• According to an AP source, Senate Republicans are reportedly working on a slimmed down $500 billion stimulus package, following a failure to extend unemployment benefits or any other CARES Act provisions earlier in the month. The initial Senate plan was $1 trillion, while House Democrats were initially at $3.4 trillion and reduced their proposal to $2 trillion to compromise with the Senate GOP. All that is to say this supposed new plan, which we don’t have any details for yet, is a Republican retreat from their own proposal while Congress was still in session.

  • Another concern education experts are raising with virtual learning: the “learning cliff.” As millions of students prepare to or have already started a virtual school year, there’s a fear that many will miss critical academic milestones that will lead to falling behind whole grade levels or dropping out of public education entirely. Of course, this will also have massive social and economic impacts for an entire generation of Americans. A June McKinsey report estimated that the average K-12 student in the U.S. could lose $61,000-82,000 in lifetime earnings as a result of learning losses this year.

  • With the expiration of federal unemployment bonuses and weekly new unemployment claims still higher than even the worst point of the Great Recession, millions of people are down to their last dollar. In any society, there’s a point where things can’t get any worse, and something breaks. In a stark and jarring oped for The Week, Ryan Cooper asks, “Are bread riots coming to America?

  • Right before midterm elections in 2010, Sen. Mitch McConnell famously said, “The single most important thing we want to achieve is for President Obama to be a one-term president.” It was his defense for Senate Republican’s utter refusal to pass a much-needed stimulus package and failure to articulate a plan of their own. It didn’t matter – Democrats were in the White House, so this was their crisis. Fast forward to today – Republicans are in the White House, but the crisis mismanagement and generally feckless attitude is the same. So, what gives? Ezra Klein tries to find a motive.

  • As the U.S. spent the summer losing what little ground we may have gained in the spring over the virus, we know that COVID actually spreads better in colder weather. John M. Barry, author of The Great Influenza: The Story of the Deadliest Pandemic in History, warns in a New York Times column that as we enter the fall and winter with COVID still out of control, the devastation is going to get much, much worse.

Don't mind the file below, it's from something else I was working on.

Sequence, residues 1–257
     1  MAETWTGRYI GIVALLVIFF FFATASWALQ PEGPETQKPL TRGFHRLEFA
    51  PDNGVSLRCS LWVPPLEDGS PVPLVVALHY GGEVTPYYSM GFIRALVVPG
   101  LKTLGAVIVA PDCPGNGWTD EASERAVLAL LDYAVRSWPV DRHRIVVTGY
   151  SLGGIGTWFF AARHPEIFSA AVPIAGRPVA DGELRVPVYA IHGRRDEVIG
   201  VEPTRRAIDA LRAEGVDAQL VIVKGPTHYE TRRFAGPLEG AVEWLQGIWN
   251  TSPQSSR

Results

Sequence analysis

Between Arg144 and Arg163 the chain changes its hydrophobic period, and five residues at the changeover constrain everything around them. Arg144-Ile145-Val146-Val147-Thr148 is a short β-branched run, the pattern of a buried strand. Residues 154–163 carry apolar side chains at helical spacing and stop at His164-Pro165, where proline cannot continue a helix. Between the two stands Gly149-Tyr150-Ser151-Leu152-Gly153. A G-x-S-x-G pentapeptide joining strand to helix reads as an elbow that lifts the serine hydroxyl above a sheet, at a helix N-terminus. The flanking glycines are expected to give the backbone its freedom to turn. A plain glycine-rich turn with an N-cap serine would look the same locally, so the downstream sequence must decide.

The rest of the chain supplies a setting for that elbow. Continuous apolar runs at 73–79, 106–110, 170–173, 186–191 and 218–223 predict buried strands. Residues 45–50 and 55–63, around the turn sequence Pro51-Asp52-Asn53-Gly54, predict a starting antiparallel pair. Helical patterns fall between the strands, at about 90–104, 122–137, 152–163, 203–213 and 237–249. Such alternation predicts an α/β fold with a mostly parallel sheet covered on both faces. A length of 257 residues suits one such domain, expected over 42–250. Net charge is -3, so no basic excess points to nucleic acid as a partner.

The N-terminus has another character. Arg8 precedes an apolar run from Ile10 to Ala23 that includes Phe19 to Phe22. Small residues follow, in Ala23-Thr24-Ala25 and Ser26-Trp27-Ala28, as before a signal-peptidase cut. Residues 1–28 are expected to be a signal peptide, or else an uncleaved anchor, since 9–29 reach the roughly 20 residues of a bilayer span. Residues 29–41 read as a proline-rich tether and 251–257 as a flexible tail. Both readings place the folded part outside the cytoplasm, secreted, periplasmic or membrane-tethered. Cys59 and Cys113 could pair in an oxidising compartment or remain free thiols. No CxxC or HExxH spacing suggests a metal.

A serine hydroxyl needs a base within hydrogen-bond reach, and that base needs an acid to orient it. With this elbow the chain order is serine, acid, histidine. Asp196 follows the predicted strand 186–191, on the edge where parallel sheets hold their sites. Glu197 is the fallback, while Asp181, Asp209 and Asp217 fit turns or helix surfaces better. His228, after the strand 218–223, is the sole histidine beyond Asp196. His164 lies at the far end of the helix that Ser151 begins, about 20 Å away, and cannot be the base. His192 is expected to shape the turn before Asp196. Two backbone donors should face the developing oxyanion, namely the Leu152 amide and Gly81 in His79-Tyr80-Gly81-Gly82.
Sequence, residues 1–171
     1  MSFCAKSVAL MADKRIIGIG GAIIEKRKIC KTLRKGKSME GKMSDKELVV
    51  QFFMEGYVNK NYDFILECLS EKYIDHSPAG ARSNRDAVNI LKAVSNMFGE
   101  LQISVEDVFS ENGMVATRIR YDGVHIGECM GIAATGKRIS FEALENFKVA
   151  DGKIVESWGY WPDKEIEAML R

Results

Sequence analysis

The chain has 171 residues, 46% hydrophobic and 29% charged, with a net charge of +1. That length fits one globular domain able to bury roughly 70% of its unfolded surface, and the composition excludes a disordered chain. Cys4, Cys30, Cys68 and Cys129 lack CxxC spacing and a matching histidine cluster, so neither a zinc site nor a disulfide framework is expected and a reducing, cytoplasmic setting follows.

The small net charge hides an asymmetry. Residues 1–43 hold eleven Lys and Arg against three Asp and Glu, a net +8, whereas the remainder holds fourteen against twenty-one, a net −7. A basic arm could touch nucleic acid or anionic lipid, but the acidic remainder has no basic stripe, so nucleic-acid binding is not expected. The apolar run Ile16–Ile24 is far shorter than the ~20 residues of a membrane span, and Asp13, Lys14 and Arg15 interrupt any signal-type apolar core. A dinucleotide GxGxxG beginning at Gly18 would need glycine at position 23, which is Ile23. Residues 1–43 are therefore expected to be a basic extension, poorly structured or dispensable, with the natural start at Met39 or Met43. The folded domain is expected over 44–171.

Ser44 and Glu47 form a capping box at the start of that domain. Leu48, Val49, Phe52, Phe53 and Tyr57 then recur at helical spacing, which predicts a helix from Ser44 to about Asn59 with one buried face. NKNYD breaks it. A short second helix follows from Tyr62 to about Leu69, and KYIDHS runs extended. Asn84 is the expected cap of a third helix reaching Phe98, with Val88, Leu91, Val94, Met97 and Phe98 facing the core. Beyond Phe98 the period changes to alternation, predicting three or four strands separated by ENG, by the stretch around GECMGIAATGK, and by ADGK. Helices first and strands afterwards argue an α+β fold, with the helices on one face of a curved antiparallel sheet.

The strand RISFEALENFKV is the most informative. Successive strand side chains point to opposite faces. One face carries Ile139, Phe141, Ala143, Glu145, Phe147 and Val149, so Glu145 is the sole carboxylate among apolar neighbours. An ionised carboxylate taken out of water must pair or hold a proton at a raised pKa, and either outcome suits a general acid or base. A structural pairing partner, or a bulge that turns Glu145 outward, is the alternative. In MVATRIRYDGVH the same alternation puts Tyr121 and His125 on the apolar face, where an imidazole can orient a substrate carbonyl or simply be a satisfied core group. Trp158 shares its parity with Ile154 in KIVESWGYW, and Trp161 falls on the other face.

• As America reports more COVID cases than any other country in the world, the WHO has issued a new warning that recent infection data indicates that young people – ages 20-40 – have emerged as the main spreaders.

Local Reaction to the Crisis

  • The Institute for Disease Modeling in Bellevue has released new recommendations that when public schools do begin to reopen for in-person learning, districts should start with the youngest learners first.

  • Boeing announced last week that the company is moving forward with more “voluntary layoffs” – buyouts of employees – slashing its workforce beyond the 10 percent target originally announced in April. Worse news for Washington, the Times reports the company is also considering relocating its 787 Dreamliner production to South Carolina. A decision could come as early as next month.

  • With or without Boeing’s potential relocation, Seattle and the greater region will experience a steep economic decline, likely into 2022. But blame the rich, not the left, for the coming disaster, Charles Mudede writes in The Stranger.

  • While many of us have been fortunate to spend the pandemic working out home, hundreds of thousands of people in our region are still relying on public transit every day. But with fewer riders and no fare collection, some are worried whether or not public transit can survive COVID without significant government aid.

  • Last week King County handed out $2 million in grants to arts, science, and heritage organizations impacted by COVID. The relief – which came from the CARES Act and is the only relief so far specifically targeted for the arts sector – is both intended to help keep cultural institutions open and help them institute public health measures to allow them to reopen.

  • Washington’s foster homes and foster care advocates are warning about the difficult position they’re in with the state during COVID, sounding alarms about a home that lost state funding after turning away four kids who had tested positive for COVID. It’s a difficult position for everyone involved – most of all, the kids – as foster homes try and prevent their care facilities from becoming the newest virus hotspots, but kids still need a place to go, even if they have COVID.